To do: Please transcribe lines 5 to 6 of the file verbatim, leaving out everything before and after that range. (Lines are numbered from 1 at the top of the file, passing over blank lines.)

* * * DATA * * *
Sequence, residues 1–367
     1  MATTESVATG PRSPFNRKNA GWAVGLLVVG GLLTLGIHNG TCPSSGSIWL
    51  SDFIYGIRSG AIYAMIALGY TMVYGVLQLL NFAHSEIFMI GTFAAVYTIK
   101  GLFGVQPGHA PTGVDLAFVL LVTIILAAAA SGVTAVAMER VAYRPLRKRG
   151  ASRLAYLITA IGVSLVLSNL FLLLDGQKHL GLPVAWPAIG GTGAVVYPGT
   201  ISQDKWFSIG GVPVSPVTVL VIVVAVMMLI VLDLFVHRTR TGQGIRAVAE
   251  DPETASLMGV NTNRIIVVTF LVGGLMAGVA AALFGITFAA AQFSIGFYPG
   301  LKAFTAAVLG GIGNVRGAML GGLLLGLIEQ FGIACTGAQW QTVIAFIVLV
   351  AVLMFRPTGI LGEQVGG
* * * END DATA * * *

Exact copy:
   151  ASRLAYLITA IGVSLVLSNL FLLLDGQKHL GLPVAWPAIG GTGAVVYPGT
   201  ISQDKWFSIG GVPVSPVTVL VIVVAVMMLI VLDLFVHRTR TGQGIRAVAE